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Re: Whitelisting by recipient domain name

Steve-415
On Sun, 2009-06-28 at 20:44 +0100, Steve wrote:

> On Sun, 2009-06-28 at 14:38 -0500, Noel Jones wrote:
> > Steve wrote:
> > > Hi,
> > >
> > > I've been looking at some archive posts regarding white listing by
> > > intended recipient domain.
> > >
> > > Say for example I wish to white list any incoming mail for:
> > > [hidden email] - is this actually possible?
> >
> > Yes, this is one reason some people like to put all their
> > restrictions under smtpd_recipient_restrictions.
> >
> > >
> > > Thinking about the stages of the SMTP conversation this is not going to
> > > be available until the RCPT TO is given, so any white list (if it is
> > > possible) would need to go in smtpd_recipient_restrictions. That is what
> > > common sense would tell me.
> >
> > With the default smtpd_delay_reject=yes, recipient information
> > is available during smtpd_{client, helo, sender}_restrictions.
> >
> > But then you have to specify your whitelist multiple times.
> > It's usually easier to just put all your restrictions in
> > smtpd_recipient_restrictions.
> >
> > >
> > > I can already see that any earlier client, helo or sender restrictions
> > > probably can't be white listed by recipient domain - but should it work
> > > at the smtpd_recipient_restriction level?
> > >
> > > Perhaps what I am actually asking is;
> > >
> > > Should this work?
> > > Could it be extended to effect a whole domain (not just [hidden email],
> > > but *@example.com)
> >
> > Yes, you can whitelist a whole domain.  See the access(5) man
> > page for details.  Your lookup table would contain
> > example.com  OK
> >
> > > In lieu of smtpd_delay_reject = yes could this be applied to earlier
> > > restrictions?
> >
> > The default setting of smtpd_delay_reject=yes is required if
> > you want to whitelist recipeints during
> > smtpd_{client,helo,sender}_restrictions.
> >
> > But it's easier to just put all your restrictions under
> > smtpd_recipient_restrictions.
> >
> > Oh, be sure to put any whitelists after
> > reject_unauth_destination, such as:
> > smtpd_recipient_restrictions =
> >    permit_mynetworks
> >    permit_sasl_authenticated
> >    reject_unauth_destination
> >    ... whitelist goes here ...
> >    ... UCE checks here ...
> >
> >
> >
> >    -- Noel Jones
>
> Thanks you kindly Noel. Much appreciated.
The one observation I've made is there is no way of spotting in the logs
that the mail was subjected to a whitelist. For example;

map:
example.com OK putting text here does not log it

I'm guessing I can do this
example.com WARN whitelisted
example.com OK

But is there a way to get OK to write to the log without the extra
'warn' line?

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Re: Whitelisting by recipient domain name

Jan P. Kessler-2

> The one observation I've made is there is no way of spotting in the logs
> that the mail was subjected to a whitelist. For example;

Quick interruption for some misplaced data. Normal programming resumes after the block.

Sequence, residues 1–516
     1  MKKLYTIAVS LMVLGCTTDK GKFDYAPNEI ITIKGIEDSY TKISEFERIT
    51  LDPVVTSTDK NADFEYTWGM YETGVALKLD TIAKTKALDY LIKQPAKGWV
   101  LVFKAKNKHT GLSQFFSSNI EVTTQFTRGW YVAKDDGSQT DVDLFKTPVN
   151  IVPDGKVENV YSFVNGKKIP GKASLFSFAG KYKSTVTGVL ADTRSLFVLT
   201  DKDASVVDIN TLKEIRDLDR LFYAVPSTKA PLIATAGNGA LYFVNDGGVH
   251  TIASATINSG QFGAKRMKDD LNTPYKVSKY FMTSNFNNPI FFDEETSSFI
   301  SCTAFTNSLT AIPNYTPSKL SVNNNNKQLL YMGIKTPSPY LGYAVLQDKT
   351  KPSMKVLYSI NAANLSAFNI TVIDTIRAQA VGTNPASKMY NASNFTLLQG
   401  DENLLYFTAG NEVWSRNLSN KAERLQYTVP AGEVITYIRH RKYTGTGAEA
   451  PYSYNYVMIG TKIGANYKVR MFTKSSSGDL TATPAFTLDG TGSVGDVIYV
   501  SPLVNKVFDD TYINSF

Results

>
> map:
> example.com OK putting text here does not log it
>
> I'm guessing I can do this
> example.com WARN whitelisted
> example.com OK
>
> But is there a way to get OK to write to the log without the extra
> 'warn' line?
>  


You might use the PREPEND action to add a certain header.

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Re: Whitelisting by recipient domain name

Noel Jones-2
In reply to this post by Steve-415
Steve wrote:
> The one observation I've made is there is no way of spotting in the logs
> that the mail was subjected to a whitelist. For example;
>
> map:
> example.com OK putting text here does not log it
>
> I'm guessing I can do this
> example.com WARN whitelisted
> example.com OK

Only one action is allowed per lookup.  If you want to note in
the logs or use PREPEND to add a header indicating the mail
was whitelisted, you'll need two lookup tables - first to WARN
or PREPEND, then another table to OK.

I suppose you can use smtpd_restriction_classes to create a
LOG_OK class, something like
smtpd_restriction_classes = LOG_OK
LOG_OK =
   check_client_access regexp:/etc/postfix/mylog
   permit

# mylog
/^/ WARN whitelisted

Then use "LOG_OK" rather than OK in your access tables.


   -- Noel Jones
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Re: Whitelisting by recipient domain name

Steve-415
On Mon, 2009-06-29 at 09:19 -0500, Noel Jones wrote:

>
> Only one action is allowed per lookup.  If you want to note in
> the logs or use PREPEND to add a header indicating the mail
> was whitelisted, you'll need two lookup tables - first to WARN
> or PREPEND, then another table to OK.
>
> I suppose you can use smtpd_restriction_classes to create a
> LOG_OK class, something like
> smtpd_restriction_classes = LOG_OK
> LOG_OK =
>    check_client_access regexp:/etc/postfix/mylog
>    permit
>
> # mylog
> /^/ WARN whitelisted
>
> Then use "LOG_OK" rather than OK in your access tables.
>
I've given that a go - fingers crossed :-)


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RE: Whitelisting by recipient domain name

Bob001
In reply to this post by Steve-415


-----Original Message-----
From: Noel Jones <[hidden email]>
Sent: Monday, June 29, 2009 7:19 AM
To: [hidden email]; postfix users list <[hidden email]>